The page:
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Principal's Message

Miss Esther Mani

“Give us wisdom to always do
What is just, what is right, what is fair
And we’ll strive to spread your word everywhere”

These words from the Somerville School song encapsulate our vision of education.
In a world groping for meaning and purpose, we learn to seek God’s wisdom, to be torchbearers of the truth.
The children learn a variety of things at school, particularly what they would like to “do” when they grow up; we also try to make them think about what they would like to “be” - in terms of character and values that would last, as they try to make their place in the world.

Childhood and the young years are precious. What a privilege we have been given to share in the shaping of thousands of young lives. I was at the funeral of an elderly relative some time ago and I heard loud shrieks of laughter behind me. Many of us looked around, some with disapproving frowns, to see who had dared to disrespect the dead. I saw a young boy, seven or eight years old, running among the tombstones, rolling an old bicycle tire with a stick. He was being chased by a little puppy. This child, probably the son of one of the caretakers in the cemetery, seemed so happy and free; completely untouched by the sombre atmosphere of the place that was his playground.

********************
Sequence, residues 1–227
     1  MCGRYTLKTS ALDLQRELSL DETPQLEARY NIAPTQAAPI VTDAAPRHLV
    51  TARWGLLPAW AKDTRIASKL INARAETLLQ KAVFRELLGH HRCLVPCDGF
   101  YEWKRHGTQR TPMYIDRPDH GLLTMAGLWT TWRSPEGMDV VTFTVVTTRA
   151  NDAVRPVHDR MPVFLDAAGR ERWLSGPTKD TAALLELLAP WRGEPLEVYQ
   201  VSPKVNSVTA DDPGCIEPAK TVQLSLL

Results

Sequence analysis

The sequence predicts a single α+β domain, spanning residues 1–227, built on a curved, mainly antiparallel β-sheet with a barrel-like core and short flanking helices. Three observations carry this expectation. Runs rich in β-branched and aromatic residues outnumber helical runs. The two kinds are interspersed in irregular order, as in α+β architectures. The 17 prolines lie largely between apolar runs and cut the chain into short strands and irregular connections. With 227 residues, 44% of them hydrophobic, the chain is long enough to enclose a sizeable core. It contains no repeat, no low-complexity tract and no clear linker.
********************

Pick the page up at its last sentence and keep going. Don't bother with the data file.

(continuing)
Children have this ability to do their own thing, unaware and sometimes, not caring, about what is socially acceptable or the ‘done thing’. Why else would a five year old child get up from her seat and hug her Principal while this lady was in the middle of her Independence Day address. It is for memories and experiences like these that I love being a teacher. It’s not all rosy; planning the national budget seems easier than managing a school of loud and rebellious children. But these same children keep us young and alert. And while they grow in wisdom and stature, we grow too.

Miss Esther Mani